Using a string inverter, the solar panel array, still typically rated at 12V, 24V or 48V each panel (although higher voltage panels are now coming out) is wired in series, rather than in parallel. It's that simple: The panels are arrayed in a "string" to produce the same amount of total power but at higher voltages (typically 200-800V), thus lower current, allowing much smaller wiring and much smaller and lighter weight inverter construction. The IR losses encountered in wiring are also present in the inverter equipment's electronics, thus higher voltage DC input circuitry can be built more economically and with lower internal losses, improving efficiency in the electronics as well as in the cabling between the solar array and the inverter.
The popularity of this new approach in PV (photovoltaic solar power) applications has not fallen on deaf ears in other arenas, as well. Small-scale wind generators, for instance, have followed a similar evolution. Starting with 12V and 24V automotive-type generators or other low voltage DC units and batteries, the more current crop of home wind generator systems are now using higher-voltage principals and, for grid-tied systems, are skipping the batteries, too. The term "string inverter" is somewhat nonsensical in this context because the small-scale wind generators are not typically done in arrays like solar panels and there is typically only a single generator per installation (for small systems). Now high-DC-voltage "grid-tie string inverters" are all the rage for use in wind systems, too.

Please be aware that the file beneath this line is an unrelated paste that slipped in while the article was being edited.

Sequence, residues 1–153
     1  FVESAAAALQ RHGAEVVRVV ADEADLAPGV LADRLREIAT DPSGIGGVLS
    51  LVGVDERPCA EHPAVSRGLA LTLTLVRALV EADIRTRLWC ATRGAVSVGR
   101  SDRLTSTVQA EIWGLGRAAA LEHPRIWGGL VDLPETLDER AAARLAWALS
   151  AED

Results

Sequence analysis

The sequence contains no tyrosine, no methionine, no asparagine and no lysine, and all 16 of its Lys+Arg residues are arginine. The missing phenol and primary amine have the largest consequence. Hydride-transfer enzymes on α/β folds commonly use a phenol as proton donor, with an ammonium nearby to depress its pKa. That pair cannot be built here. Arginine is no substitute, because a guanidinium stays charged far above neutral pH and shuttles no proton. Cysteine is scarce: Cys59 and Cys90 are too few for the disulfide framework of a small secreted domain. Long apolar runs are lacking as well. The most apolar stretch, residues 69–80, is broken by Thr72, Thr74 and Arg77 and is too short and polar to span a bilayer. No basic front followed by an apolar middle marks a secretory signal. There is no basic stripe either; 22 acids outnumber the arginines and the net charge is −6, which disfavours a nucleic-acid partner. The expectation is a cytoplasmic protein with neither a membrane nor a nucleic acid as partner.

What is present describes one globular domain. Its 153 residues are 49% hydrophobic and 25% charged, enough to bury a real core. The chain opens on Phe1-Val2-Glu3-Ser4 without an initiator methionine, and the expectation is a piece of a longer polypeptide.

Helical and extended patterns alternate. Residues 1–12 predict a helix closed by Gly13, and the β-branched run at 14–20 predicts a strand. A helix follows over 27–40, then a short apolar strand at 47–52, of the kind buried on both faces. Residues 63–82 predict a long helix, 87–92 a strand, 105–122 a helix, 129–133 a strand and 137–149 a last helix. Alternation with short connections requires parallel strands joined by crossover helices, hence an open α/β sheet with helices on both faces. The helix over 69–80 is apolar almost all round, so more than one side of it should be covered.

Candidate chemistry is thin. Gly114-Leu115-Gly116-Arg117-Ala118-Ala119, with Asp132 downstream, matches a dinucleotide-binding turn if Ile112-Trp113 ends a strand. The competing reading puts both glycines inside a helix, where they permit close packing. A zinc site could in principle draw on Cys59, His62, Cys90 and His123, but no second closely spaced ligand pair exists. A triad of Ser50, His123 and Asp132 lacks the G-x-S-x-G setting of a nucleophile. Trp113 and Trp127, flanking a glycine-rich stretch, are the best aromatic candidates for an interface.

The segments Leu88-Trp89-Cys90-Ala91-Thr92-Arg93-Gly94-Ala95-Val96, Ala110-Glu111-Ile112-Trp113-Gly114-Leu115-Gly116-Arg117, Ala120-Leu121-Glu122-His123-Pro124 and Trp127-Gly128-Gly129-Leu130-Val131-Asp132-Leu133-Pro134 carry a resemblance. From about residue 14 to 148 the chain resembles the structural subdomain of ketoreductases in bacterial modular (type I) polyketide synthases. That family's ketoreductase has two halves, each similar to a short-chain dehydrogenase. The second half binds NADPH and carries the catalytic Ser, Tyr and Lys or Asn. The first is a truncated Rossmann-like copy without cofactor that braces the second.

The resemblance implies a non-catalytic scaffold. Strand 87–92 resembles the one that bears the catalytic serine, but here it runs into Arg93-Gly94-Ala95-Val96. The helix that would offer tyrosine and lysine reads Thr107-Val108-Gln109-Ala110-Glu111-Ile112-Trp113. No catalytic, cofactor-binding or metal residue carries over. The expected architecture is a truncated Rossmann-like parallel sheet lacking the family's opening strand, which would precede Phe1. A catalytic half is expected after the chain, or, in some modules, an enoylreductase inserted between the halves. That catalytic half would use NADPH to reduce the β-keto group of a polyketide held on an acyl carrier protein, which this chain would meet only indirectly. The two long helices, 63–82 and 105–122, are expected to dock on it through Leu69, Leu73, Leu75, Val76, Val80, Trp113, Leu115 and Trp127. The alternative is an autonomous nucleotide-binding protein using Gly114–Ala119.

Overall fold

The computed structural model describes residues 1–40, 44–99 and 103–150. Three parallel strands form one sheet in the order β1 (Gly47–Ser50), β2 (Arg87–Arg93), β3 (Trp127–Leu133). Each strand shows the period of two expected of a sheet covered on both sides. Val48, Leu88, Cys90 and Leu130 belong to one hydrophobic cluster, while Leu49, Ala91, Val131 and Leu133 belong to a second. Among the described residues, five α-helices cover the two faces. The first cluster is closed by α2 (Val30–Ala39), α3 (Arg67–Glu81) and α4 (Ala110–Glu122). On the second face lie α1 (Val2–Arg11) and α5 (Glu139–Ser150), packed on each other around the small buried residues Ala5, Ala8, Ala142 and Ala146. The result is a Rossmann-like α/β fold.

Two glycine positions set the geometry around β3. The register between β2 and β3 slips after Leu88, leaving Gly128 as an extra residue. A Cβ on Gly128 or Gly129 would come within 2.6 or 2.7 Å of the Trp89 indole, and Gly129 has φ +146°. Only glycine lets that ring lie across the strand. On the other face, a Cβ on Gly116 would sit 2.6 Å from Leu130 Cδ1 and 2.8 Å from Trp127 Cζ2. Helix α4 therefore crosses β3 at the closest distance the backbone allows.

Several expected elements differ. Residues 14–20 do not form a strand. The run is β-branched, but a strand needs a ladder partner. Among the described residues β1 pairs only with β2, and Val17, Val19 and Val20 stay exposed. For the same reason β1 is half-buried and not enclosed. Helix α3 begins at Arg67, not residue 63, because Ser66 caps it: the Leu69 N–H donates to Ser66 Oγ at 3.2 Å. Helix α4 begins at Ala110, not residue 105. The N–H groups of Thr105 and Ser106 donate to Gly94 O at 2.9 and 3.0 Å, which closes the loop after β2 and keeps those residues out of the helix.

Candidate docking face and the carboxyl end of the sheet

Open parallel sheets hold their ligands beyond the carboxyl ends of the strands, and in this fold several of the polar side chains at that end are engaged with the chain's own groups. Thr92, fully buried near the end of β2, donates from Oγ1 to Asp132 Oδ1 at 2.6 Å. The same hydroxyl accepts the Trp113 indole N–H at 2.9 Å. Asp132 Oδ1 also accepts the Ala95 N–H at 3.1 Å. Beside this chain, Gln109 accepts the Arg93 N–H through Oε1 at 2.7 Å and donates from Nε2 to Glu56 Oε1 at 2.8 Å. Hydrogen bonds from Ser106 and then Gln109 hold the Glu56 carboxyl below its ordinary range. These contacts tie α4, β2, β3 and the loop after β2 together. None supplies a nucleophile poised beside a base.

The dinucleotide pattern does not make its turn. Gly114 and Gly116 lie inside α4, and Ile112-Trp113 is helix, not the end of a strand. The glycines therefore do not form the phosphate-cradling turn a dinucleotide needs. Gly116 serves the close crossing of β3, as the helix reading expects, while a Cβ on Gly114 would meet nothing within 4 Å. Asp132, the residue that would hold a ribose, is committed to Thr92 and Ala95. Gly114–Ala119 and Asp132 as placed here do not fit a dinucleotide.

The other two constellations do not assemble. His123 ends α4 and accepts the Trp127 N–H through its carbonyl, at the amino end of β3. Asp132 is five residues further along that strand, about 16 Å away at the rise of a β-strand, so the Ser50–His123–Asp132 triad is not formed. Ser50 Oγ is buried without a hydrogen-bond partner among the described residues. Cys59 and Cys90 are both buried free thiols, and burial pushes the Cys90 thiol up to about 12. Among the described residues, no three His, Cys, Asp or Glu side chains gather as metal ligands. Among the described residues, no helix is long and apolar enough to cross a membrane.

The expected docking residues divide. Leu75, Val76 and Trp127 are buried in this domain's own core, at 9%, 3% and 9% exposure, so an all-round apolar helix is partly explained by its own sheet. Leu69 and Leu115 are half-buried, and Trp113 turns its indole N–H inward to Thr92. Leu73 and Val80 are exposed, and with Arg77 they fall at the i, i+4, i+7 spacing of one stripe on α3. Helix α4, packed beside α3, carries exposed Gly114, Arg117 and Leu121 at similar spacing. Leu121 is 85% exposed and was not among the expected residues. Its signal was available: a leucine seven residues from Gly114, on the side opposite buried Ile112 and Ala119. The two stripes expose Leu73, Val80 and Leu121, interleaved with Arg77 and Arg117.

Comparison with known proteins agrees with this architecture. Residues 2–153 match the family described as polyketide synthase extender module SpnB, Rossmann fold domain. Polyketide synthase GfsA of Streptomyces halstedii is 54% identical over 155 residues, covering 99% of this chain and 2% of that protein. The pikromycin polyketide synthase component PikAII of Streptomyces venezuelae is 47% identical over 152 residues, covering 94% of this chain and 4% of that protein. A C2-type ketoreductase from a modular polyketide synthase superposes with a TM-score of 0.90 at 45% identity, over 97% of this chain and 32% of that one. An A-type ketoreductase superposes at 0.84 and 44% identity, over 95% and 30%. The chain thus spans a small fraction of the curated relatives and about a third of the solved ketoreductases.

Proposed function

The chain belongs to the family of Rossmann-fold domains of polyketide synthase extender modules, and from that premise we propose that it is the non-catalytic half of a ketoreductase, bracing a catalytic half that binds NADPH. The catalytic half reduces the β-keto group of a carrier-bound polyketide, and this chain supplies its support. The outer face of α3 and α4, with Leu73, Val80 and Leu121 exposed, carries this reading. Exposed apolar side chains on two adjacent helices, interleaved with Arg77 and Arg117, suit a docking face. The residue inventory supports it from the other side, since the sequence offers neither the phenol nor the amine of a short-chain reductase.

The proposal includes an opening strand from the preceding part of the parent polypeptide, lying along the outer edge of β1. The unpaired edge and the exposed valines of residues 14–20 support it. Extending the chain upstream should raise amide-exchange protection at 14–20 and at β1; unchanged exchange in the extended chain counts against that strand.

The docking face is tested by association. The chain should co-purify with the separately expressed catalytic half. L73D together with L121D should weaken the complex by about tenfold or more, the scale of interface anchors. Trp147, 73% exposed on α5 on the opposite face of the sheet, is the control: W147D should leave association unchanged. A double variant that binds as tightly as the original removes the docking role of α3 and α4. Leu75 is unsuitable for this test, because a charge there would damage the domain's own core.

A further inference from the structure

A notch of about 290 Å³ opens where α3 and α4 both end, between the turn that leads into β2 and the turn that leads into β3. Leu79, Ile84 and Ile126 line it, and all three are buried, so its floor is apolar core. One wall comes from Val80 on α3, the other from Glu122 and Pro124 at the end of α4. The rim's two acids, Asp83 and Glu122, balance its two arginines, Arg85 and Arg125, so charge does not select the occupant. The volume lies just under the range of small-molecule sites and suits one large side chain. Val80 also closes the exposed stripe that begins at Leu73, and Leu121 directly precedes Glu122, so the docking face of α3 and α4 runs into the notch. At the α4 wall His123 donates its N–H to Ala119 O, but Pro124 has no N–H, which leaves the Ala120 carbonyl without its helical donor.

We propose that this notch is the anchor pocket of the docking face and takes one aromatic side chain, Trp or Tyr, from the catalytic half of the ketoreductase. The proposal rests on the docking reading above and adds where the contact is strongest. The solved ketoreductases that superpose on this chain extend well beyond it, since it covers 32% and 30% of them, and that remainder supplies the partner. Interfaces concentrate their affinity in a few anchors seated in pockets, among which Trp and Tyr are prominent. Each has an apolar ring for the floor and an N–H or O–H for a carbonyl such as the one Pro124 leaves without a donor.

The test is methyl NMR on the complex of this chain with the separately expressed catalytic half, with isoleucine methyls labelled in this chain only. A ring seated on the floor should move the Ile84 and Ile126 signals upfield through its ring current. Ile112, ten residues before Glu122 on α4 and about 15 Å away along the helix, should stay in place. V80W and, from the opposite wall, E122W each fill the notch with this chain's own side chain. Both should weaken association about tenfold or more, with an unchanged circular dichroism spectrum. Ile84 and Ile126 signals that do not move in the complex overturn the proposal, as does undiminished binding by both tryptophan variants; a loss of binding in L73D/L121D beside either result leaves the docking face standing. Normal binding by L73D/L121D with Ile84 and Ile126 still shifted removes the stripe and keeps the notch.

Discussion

So, string or no string, the bottom line is that the budding homebrew power industry is getting hip to high voltage as a means of improving system and inverter efficiency and lowering the costs of getting the power from one place (the roof or tower, etc.) to another (the location of the inverter). String inverters should more accurately be called simply "high input voltage inverters", probably, since the "string" moniker really applies only to multi-panel PV solar systems and these same units are very popular for wind and hydo-generation systems where there is no "string" of series-connected sources, per se.